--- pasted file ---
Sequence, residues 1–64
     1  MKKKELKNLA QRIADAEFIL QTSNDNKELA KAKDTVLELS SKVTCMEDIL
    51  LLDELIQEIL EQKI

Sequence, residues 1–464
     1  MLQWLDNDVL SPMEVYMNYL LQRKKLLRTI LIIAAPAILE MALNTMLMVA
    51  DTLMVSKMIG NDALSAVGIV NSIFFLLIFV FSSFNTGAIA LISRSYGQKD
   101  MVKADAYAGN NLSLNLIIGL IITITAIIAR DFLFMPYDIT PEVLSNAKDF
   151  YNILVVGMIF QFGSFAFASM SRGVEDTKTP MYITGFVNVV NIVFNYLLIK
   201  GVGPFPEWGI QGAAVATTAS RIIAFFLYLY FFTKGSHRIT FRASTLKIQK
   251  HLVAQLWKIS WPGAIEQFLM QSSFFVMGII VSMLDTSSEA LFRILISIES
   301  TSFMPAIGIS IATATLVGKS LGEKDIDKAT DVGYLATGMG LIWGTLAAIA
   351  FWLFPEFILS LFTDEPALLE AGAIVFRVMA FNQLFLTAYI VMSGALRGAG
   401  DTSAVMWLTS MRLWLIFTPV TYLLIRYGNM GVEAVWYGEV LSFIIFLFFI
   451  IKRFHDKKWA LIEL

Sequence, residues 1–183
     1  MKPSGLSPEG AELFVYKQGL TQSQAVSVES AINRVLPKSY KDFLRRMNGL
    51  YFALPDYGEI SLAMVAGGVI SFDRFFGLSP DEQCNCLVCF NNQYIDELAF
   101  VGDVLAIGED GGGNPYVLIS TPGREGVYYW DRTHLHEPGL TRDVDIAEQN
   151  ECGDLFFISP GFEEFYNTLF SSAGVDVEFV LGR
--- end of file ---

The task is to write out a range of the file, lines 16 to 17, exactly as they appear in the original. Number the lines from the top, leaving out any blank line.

     1  MKPSGLSPEG AELFVYKQGL TQSQAVSVES AINRVLPKSY KDFLRRMNGL
    51  YFALPDYGEI SLAMVAGGVI SFDRFFGLSP DEQCNCLVCF NNQYIDELAF